Variables of exposure to cooking fuels in this study were confined to those subjects who did the cooking. As other family members could also be exposed, albeit probably to a lower extent, the associations might have been underestimated. Indeed it has been shown that the PM10 concentrations in living rooms were only slightly lower than, and closely followed, those in the kitchen throughout the day, in poor households in Bangladesh . Unfortunately, in our study, it is not known whether those subjects who were not exposed to cooking generally remained in the house while cooking was done or were at work away from home.
Both the case-control design of the study and the fact that the relationship between use of rice straw as cooking fuels and development of young adult cataract was not consistently significant in comparisons with the two controls, preclude our drawing firm conclusions regarding a causal relationship between the cooking with rice straw and the risk of developing young adult cataract. The inverse relationship between the use of cow dung and case status, however, was much more consistent. Nevertheless, a plausible explanation for the association is lacking.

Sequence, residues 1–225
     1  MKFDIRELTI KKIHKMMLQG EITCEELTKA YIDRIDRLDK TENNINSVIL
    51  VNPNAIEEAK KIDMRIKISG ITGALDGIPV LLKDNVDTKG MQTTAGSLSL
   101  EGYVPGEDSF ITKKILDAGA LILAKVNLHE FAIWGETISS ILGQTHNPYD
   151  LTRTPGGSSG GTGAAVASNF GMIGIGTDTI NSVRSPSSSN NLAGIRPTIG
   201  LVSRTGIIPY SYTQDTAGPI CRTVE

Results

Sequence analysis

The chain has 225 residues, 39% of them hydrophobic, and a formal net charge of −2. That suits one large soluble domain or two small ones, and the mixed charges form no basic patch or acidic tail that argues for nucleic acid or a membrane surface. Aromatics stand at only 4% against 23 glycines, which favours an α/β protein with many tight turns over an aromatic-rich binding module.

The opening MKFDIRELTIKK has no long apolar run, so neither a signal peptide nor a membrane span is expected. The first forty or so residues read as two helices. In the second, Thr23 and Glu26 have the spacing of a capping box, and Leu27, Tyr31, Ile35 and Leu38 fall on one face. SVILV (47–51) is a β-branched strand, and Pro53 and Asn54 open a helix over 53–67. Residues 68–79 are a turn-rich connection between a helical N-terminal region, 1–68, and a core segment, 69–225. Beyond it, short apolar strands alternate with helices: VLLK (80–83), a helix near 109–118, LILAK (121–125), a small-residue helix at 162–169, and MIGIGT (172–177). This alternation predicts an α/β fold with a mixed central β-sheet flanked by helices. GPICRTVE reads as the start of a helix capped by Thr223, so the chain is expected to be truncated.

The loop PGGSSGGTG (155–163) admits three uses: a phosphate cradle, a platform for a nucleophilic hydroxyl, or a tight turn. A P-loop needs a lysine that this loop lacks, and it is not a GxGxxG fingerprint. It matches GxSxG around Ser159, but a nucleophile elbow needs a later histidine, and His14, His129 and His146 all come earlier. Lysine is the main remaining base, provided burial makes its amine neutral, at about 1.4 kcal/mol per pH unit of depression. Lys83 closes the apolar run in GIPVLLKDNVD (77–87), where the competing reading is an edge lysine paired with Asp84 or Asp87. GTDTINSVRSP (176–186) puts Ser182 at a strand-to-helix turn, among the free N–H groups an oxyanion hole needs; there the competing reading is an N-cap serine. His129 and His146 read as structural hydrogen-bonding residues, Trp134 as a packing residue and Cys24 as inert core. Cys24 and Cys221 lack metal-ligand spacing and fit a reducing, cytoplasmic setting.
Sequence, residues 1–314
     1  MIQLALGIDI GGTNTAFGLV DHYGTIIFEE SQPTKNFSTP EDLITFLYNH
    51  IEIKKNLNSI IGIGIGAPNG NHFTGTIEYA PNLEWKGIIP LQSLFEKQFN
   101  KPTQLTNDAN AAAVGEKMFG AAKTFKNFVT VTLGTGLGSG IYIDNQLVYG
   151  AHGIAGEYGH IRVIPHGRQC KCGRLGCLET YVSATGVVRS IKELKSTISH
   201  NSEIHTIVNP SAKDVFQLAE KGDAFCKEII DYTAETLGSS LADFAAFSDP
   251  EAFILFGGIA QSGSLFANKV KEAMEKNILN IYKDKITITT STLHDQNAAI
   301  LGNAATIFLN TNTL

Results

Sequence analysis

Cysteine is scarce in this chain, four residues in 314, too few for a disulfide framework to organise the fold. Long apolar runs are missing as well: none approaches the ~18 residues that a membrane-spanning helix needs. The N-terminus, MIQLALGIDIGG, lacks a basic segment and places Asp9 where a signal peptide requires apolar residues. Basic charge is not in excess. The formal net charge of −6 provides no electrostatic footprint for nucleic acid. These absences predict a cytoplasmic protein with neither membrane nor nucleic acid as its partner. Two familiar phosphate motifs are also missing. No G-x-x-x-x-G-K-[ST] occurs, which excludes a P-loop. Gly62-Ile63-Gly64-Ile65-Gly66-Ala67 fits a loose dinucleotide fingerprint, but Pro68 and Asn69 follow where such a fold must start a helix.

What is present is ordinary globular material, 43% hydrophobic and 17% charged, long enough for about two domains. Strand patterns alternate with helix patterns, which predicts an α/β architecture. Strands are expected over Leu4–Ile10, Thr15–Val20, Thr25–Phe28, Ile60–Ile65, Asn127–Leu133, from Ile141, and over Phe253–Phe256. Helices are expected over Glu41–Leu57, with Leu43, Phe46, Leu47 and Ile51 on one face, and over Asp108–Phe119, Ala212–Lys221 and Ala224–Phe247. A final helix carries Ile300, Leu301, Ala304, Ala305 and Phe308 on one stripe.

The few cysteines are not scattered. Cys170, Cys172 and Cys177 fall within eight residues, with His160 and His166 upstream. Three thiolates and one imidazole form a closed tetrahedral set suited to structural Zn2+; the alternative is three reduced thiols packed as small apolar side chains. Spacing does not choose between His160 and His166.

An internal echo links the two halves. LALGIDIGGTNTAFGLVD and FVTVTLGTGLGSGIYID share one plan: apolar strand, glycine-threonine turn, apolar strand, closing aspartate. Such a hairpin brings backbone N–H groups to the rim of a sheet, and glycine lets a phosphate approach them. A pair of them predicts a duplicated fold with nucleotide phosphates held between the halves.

The study did not classify the cases with respect to type of cataract. Unless all types share the same risk factors, any heterogeneity of cataract types would have the effect of diluting the true relationships with exposure.
Finally, since this study was conducted in a charitable non-government organization hospital, catering for disadvantaged villagers in remote parts of the country, the range of socio-economic status among subjects was not very wide. Such restricted variability may have prevented the identification of certain risk factors that may be seen in studies with a wider variety of patient backgrounds. On the other hand, the location of the hospital at the time of the study in a poorly accessible rural district with only meagre permanent healthcare facilities makes it unlikely that the cases and controls were drawn from different catchment populations.
The strength of this study lies in its separation of different types of traditional cooking fuel, which allowed the identification of contrasting directions of association among these fuel types.